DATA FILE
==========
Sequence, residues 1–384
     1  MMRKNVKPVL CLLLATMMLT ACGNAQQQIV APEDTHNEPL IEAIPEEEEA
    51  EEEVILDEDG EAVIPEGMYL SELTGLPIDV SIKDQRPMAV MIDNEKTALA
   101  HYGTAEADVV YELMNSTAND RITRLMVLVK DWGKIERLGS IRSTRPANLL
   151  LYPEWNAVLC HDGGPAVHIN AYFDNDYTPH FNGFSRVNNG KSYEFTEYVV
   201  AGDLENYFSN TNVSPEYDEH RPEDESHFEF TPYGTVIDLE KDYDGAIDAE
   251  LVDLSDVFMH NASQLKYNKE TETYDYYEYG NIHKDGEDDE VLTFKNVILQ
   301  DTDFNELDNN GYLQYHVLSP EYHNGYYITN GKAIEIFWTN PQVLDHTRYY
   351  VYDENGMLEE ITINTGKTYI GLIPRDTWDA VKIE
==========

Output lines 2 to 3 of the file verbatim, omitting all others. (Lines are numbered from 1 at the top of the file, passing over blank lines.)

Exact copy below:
     1  MMRKNVKPVL CLLLATMMLT ACGNAQQQIV APEDTHNEPL IEAIPEEEEA
    51  EEEVILDEDG EAVIPEGMYL SELTGLPIDV SIKDQRPMAV MIDNEKTALA